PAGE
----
First Things

(Better) Advice to Students in a Time of Strife

“A decline in courage may be the most striking feature which an outside observer notices in the West in our days,” the great Solzhenitsyn told America’s intellectual elite at Harvard in 1978. It was heartening, therefore, to read a letter of “Advice to Students in a Time of Strife,” published by First Things in late … Read more

Protestantism Made Me Catholic

First Things has been running a fascinating and provocative series of articles that question the principles and beliefs of most of its readers. In May, it published “Why I Became Muslim” by one Jacob Williams, a Brit who grew up Anglican and then converted to Islam. More recently, the magazine published “Catholicism Made Me Protestant,” … Read more

The Marriage Crisis is Not All the Homosexuals’ Fault

The statement signed by prominent public intellectuals and published in First Things is a well-intentioned effort to avert same-sex “marriage.” In it the authors declare same-sex “marriage” a more serious matter than divorce or cohabitation. This claim should not be invoked lightly since it reflects a serious failure of leadership. This is not what Christian leaders … Read more

Why Catholics Must Fight “Lost Causes”

Much has been said, maybe pretty much everything that needs to be said, about  former First Things editor Joseph Bottum throwing in the towel over the same-sex marriage fight. He believes that the legalization of this aberration is already a done deal and that Catholics should simply accept it henceforth as a civil matter. It’s … Read more

What I Meant to Say: A Case for Same-Sex Marriage

 Editor’s Note: A friend passed on this manuscript written by someone named “Foggy Bottom,” which purports to be the notes or an alternative draft of a recent piece, with a similar title, which has received some attention by one “Jody Bottum” in Commonweal.  We cannot vouch for its authenticity, but in light of its curious … Read more

Gift Books of Christian Wisdom: A Syllabus for Our Era

Despite the recent, precipitous decline in Western education, most people do realize that going to college entails reading books. Of course, thoughtful men question the kinds of books which students are getting assigned these days. As a remedy, I’d like to list books almost no one in college will mention to students. Hopefully, they will … Read more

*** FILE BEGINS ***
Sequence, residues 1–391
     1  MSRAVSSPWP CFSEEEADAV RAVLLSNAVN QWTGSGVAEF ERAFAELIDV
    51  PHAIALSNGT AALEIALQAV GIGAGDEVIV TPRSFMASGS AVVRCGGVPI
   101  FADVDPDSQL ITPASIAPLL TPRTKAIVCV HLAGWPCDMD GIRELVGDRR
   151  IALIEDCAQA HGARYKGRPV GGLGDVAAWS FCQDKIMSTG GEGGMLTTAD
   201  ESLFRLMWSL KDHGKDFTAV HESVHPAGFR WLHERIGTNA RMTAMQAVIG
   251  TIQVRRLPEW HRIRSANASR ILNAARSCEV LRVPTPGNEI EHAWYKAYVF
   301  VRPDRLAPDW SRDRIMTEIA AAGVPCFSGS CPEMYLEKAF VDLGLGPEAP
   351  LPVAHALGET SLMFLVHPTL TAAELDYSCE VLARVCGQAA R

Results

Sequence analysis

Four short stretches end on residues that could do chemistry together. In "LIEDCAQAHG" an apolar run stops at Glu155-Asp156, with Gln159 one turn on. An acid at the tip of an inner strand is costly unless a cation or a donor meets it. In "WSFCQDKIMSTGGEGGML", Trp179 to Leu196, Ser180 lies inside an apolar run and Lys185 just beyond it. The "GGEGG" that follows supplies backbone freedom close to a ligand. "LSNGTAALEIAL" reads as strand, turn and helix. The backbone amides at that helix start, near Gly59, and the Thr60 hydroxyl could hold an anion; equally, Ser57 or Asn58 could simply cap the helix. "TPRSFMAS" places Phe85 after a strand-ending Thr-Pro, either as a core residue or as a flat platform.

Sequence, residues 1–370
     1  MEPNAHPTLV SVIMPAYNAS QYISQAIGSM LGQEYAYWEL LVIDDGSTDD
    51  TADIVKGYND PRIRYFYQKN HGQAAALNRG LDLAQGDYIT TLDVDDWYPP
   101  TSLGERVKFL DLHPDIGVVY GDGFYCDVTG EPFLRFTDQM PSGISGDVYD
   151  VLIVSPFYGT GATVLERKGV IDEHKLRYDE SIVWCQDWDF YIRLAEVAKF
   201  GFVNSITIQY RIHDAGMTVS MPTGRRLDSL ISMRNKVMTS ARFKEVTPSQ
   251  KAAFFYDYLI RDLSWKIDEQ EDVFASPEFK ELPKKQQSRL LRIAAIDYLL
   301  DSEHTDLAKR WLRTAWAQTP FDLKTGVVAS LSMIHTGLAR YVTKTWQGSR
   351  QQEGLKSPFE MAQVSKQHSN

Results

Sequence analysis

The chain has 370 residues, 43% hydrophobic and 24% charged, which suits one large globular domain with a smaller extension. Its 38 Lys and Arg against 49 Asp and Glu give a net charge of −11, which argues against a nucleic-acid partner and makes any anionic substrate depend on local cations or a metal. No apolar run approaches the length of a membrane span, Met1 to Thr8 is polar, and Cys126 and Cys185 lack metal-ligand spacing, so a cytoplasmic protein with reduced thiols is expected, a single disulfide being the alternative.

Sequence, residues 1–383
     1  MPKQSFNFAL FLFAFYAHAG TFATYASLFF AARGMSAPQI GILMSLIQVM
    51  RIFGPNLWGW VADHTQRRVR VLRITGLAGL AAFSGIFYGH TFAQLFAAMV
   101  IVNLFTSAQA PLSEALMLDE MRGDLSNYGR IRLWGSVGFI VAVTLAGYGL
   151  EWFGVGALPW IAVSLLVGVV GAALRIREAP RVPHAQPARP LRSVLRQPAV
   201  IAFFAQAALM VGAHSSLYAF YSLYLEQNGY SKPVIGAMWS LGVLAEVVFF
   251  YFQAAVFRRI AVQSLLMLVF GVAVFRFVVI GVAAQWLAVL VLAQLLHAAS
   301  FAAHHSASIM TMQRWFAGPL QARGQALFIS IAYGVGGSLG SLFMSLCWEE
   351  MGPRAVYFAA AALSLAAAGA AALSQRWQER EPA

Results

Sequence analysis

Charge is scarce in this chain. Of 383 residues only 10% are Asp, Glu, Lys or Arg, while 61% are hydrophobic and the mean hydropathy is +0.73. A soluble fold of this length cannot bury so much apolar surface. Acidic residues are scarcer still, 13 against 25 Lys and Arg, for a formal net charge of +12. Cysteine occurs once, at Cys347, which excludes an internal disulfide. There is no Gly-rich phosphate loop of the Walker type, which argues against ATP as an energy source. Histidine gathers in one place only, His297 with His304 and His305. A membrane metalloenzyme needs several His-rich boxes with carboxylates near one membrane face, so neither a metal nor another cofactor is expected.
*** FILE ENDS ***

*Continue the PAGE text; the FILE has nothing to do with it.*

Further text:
For the Dissidents, We’re All Priests Now

While faithful Catholics concluded their celebration of the Year of the Priest only last spring, a coalition of dissident organizations like Call to Action, Voice of the Faithful, and the Women’s Ordination Conference have issued a “universal call to ministry” to help build a “non-clerical Catholic Church in which the laity reclaims their baptismal priesthood.” … Read more

Scalia on ‘Uncredentialed Wonder’

Over at First Things, Elizabeth Scalia has an interesting column on the dangers of valuing “credentials” over a curious mind: To become educated is a marvelous thing; to have the opportunity to study is a privilege too many take for granted. But have we become a society that places too much weight on the attainment … Read more

British royal calls abortion “most grievous moral deficit”

The Parliamentary Network for Critical Issues (PNCI), a pro-life outreach to members of democratically-elected legislatures, reports that Lord Nicholas Windsor has described abortion as “the single most grievous moral deficit in contemporary life.” The great-grandson of King George V penned the essay “Caesar’s Thumb: Europeans should not forget their most pressing moral issue: abortion” in … Read more

Do You Renounce Kennedy and All His Works?

Two weeks ago I ventured into enemy territory: the Harvard Club in Boston. In all the time I’ve lived in New England, I’ve turned down every chance to visit Harvard’s prim, Georgian campus, though I’ve window-shopped in swanky Harvard Square. Out of loyalty to its rival, my alma mater, I’ve steered clear of Harvard, displaying … Read more